Aaron: How long should you keep a dog in your home for a friend before you kill it? I guess it would depend on how big the dog was and how it behaved? If it was constantly barking then I could see killing it within a handful of hours. If it was quiet and respectful I can see keeping it for a day or two before cooking.
Andrew: Is it OK to make fun of a mutual friend behind their back? As someone who does this all the time, I want to say yes, but as someone who spends way too much time worrying about what people are saying about me, I understand why it might not be. In the end, I think it’s on par with complaining about a spouse; the important thing is to think of it as venting, and remember that there are good things that balance out the bad. Viewed in that light, I think it’s fine to make some jokes at a friend’s expense. At least, that’s what I tell myself so that I can sleep at night.
Jordan: My immediate thought is the whole dogsitting issue – but realistically, this situation would never happen, so how about this one? If you and a friend make plans to see a movie together, but YOU cancel, and they wait to see it with you, aren’t you under the same obligation to do it for them if the roles are reversed? Elaine passes on Prognosis Negative because Jerry can’t go, and settles on Ponce de Leon (she pronounces it De-Lee-On for some reason) with George. Then, when Elaine can’t go, Jerry and George…SEE PROGNOSIS NEGATIVE ANYWAY! Bad form, Seinfeld! This is probably why they broke up!
Relationship Scale (Scale 1-10)
Justin: Kramer and Ellen was the only romantic relationship on display and it seems really super unhealthy on a few levels. We can also talk about George and Elaine who basically had a brutal first date and then can’t bear to be left alone together for even just a minute later on. They played the awkward card really well and it is funny watching them not act as much as a group of close friends but more as just general acquaintances with a common friend. Relationship Grade: Kramer & Elaine 1/10
Aaron: Gavin and Farfel clearly have something great going on. Clearly such an enriching experience deserves a ten on ten. I’d like to dig a bit deeper though before handing out tens willy nilly. If Gavin was so fond of his pet then surely he would have come to pick him up earlier. Why didn’t he? Bell’s Palsy? Well I’m sorry my friend, but anyone who’s watched wrestling for years can spot a faker a mile away. Gavin Palone was clearly cheating on Farfel. The kicker is that Farfel knew, why else would he have barked so much. Gavin is a dirty, drunken cheat. Fuck him, Farfel’s a great catch. Relationship Grade: 0/10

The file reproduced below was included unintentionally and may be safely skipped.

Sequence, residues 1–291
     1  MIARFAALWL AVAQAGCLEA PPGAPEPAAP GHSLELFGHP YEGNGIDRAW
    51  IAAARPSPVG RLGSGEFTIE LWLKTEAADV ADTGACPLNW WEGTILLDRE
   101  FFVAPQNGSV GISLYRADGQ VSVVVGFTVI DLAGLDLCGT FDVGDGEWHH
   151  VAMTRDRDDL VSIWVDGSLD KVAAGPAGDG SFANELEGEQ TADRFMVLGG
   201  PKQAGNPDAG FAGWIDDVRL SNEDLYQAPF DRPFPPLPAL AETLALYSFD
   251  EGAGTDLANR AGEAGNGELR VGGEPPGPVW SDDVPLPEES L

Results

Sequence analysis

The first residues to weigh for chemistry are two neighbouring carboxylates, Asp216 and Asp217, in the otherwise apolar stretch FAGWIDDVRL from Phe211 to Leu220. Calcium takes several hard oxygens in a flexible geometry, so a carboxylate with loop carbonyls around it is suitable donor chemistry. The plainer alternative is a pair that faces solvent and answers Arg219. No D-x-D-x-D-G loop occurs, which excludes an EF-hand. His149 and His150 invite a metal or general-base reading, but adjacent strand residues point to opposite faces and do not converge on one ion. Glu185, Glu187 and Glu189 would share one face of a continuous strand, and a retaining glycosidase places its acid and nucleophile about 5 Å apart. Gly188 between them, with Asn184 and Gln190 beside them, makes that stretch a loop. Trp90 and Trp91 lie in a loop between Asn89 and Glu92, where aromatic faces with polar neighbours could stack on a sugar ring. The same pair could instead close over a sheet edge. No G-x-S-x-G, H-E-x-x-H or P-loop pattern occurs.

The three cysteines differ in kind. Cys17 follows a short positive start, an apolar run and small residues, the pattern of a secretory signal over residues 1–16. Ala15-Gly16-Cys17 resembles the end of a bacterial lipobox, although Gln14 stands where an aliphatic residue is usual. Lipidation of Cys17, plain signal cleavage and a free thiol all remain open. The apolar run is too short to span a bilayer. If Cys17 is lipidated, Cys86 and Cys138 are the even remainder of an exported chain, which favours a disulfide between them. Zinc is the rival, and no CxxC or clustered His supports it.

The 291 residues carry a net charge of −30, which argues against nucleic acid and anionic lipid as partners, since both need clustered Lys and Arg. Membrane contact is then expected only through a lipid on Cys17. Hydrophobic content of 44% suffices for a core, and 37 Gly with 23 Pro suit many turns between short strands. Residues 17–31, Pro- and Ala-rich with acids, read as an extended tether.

Andrew: Kramer and Ellen didn’t have much of a future, but…such passion! A woman who could put Kramer through such an emotional roller-coaster must have something going for her. Relationship Grade: 4/10
Jordan: Kramer and Ellen was a thing I guess, but we never even saw Ellen, just heard her shrill voice. Kramer is unhappy. Similarly, Jerry and Farfel was a thing I guess, but we never even saw Farfel, just heard his loud voice. Jerry is unhappy. But have we stumbled upon the beginning of a whirlwind romance in George and Elaine? Could their mutual mocking of Jerry puking be the starting of something beautiful? In a word, no. Relationship Grade: FARFEL/10
Justin: Elaine teasing Jerry about picking up dog shit was good; Jerry angrily yelling at the dog always cracks me up; This is one of the few times the standup part made me laugh than most of the episode; George and Elaine struggling to get through coffee was good in a really awkward way and funny to see knowing how things progress; Kramer’s break up speech was epic and well delivered, including his pathetic begging to be taken back; It was also funny how George and Elaine can only connect through talking shit on Jerry; Jerry and Elaine backtracking on what they said about Ellen was well played, including Kramer basically writing them off as friends because of it
Aaron: I loved the juxtaposition and the cuts between Kramer’s break up, George and Elaine’s awkward dinner and Jerry fighting Farfel. Great job on the editing and pacing there that help build the tension and the laughs up big time. As someone who recently bought a puppy (don’t call animal services on me) I can totally relate to just wanting the dog to shut up. I don’t want to show my son how much I hate the dog so hearing them scream at him was quite cathartic for me. While the three stories were very thinly connected I thought they complimented each other quite well and it was especially great to see more of George and Elaine together. Elaine’s delivery of, “Oh my God the dog guy.” was absolutely priceless, as was Jerry’s “I’m surprised no one’s killed her yet.” Another great guest star with Gavin Palone being pretty funny during his brief screen time. Another wonderful cameo by Larry David as Farfel.
Andrew: I really liked the first montage cutting between the three main stories; using Jerry’s and Kramer’s emotional struggles as contrast to Elaine and George’s deathly awkward conversation makes everything more effective. I liked seeing more of a focus on social commentary, ranging from hanging out with a friend of a friend, to watching what you say about a friend’s ex, to breaking a promise to see a movie with someone. And unexpectedly, I really liked the boozehound dog owner, Gavin. I know he was supposed to come across as overbearing and unpleasant, but I just wanted to get a drink with the guy. I may have to do some self-reflection after this episode.